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All the Perl that's Practical to Extract and Report

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  • It's not so difficult [].

    Personally, I don't have the time not to test -- writing a Slash plugin for an article due next week, I'd have caught several bugs sooner if I'd written my test cases first. I caught them only after investing more debugging time than I would have liked.

    • I wasn't clear, and I apologize.

      First, I don't quite understand *when* testing needs to be done, where it happens, etc., like knowing basically what a transmission does but not realizing how it's actually applied within the mechanism of the whole car.

      Second, I am woefully bereft of any experience installing modules. (Although I'm going to the link you supply after I post this clarification to see if I can rectify the situation.)

      Believe me, when I *saw* the testing explained in the advent calendar, I was all for it. If I understand it properly, I've been doing it the whole time the hard way when problems came up. "...doesn't seem to bring a value over...well, I'll print the variable name and the variable...oh, and this doesn't seem to match properly...I'll dump the keys and mark them as coming from %inventory..." That kind of thing.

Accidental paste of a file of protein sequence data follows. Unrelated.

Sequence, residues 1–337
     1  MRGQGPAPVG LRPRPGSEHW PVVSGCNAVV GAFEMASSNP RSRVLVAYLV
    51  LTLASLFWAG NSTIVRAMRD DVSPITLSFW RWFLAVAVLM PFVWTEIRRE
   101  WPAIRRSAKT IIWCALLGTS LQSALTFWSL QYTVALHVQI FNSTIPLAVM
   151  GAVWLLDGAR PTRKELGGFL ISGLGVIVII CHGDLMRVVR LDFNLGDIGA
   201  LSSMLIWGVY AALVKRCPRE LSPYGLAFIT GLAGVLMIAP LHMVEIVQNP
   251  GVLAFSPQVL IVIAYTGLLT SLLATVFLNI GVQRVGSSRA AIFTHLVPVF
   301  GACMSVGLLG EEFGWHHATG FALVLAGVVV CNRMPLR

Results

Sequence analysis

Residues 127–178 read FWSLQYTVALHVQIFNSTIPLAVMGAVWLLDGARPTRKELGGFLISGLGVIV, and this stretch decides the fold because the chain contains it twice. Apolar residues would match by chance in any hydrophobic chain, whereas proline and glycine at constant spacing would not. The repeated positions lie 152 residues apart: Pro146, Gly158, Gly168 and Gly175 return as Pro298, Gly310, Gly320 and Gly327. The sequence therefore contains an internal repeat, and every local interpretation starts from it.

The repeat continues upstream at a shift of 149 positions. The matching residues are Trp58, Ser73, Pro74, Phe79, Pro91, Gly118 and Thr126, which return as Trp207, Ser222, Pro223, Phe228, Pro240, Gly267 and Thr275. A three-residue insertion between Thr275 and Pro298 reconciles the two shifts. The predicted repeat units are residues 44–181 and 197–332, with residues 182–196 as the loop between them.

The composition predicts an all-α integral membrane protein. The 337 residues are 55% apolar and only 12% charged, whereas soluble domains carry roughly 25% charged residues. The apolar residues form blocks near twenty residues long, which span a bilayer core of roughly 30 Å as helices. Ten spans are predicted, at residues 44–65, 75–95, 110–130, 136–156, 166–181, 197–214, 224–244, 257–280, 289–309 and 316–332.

If I'm off base on my concept of it, please, any clarification is welcomed. I'll be doing more research on it as I go anyway, because it looks very helpful.


      You are what you think.
      • Easily enough explained (and no apology is necessary).

        Test Continually. Test before you add a feature. Test when you think you've added that feature. Test after you make any change. Test when you return to the program in the morning. Test, test, test.

        If you test every feature sufficiently, if you refuse to accept anything less than complete test success, and if you run the tests after sufficiently small changes, you will have more confidence in your code, spend less time debugging, and be free to m